The “smile” distortion (sometimes named as spectral line curvature or slit curvature), which refers to a curvature of the monochromatic image of the slit in the spectral dimension, leads to the misregistration of the detector pixels across the field of view (FOV) of the spectrometer in the spectral dimension. On the other hand, the “keystone” distortion, which refers to variations in the slit magnification with the wavelength, leads to the interband spatial misregistration in the spectral dimension. In general, these geometric distortions can be caused by aberrations in the spectrometer optics. The smile is primarily caused by the dispersive element, which is a prism or grating. The field stop of push-broom imaging spectrometers is a straight-entrance slit at the focal plane of the fore-optics. In the case of a grating or prism spectrometer, the smile derives from the grating equation or the prism dispersion equation. The smile and keystone increase the difficulty of the calibration and correction tasks . Thus, they should be corrected in the optical system design stage.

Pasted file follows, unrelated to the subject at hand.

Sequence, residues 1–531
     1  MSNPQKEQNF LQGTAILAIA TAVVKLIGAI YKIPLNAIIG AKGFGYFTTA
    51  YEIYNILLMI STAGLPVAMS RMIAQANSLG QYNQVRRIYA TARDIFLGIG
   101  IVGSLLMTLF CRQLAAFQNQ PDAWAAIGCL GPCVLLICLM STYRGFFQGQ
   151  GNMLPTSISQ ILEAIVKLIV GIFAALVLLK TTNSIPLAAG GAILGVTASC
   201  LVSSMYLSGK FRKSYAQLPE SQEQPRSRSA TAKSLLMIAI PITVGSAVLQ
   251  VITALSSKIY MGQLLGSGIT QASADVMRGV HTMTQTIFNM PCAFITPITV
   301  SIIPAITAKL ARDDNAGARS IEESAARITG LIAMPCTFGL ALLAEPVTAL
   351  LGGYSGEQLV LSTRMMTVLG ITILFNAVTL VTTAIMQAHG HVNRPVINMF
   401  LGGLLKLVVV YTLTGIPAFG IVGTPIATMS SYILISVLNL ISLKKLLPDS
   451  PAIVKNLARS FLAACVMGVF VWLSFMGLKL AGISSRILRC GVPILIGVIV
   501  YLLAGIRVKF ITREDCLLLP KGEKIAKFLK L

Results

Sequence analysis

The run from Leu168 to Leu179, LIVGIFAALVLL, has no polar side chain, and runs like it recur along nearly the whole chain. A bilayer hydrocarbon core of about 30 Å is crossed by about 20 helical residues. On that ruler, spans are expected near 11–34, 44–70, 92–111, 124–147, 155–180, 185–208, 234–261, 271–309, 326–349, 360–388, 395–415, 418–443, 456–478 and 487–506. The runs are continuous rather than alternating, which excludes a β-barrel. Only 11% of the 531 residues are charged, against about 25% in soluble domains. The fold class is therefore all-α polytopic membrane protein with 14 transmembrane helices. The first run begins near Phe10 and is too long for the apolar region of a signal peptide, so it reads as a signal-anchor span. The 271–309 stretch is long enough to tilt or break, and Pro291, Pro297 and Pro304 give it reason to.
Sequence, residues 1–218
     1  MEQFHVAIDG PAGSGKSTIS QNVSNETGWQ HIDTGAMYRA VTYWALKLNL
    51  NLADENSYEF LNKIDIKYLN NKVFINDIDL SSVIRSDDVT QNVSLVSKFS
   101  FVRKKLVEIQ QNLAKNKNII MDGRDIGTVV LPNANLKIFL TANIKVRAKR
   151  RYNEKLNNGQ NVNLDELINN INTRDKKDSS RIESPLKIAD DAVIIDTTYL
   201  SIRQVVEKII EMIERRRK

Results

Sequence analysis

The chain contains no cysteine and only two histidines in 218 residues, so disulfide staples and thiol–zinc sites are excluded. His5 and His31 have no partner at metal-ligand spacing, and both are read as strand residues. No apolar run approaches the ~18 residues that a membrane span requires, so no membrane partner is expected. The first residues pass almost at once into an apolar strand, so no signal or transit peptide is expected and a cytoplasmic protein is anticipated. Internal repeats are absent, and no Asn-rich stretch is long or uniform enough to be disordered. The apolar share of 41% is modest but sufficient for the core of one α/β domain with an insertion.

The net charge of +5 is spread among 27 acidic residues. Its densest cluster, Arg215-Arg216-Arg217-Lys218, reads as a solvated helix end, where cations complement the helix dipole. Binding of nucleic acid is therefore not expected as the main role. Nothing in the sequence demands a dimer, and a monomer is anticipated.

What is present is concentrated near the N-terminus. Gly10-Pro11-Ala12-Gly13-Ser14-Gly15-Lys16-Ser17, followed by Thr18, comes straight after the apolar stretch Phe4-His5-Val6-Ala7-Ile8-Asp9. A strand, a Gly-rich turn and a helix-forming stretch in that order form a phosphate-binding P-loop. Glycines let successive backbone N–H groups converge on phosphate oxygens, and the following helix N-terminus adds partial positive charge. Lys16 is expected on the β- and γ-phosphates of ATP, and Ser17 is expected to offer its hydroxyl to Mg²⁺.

In the case of dispersive-type spectrometers, in order to minimize distortions, the optical design is usually based on a concentric system with a spherical grating or curved prism or a combination of the two. Examples of spectrometers based on a spherical grating include spectrometers of the Offner and Dyson forms, wherein the grating is convex and concave, respectively. Both have been shown to result in perfect image quality at low distortion levels [10–13]. An example of a system with a curved prism is the spectrometer developed by EnMAP, whose dispersive component is a Féry prism . The use of a combination of dispersive components (a grating and two prisms) was proposed by Mauri Aikio in 1991, with the first such system developed being the Airborne Imaging Spectrometer for Applications (AISA) in 1993 . Other combination have also been proposed, such as that based on a flat grating and a decenter lens. Besides, in recent years, the prevalence of free-form surfaces has resulted in novel spectrometer designs [16,17].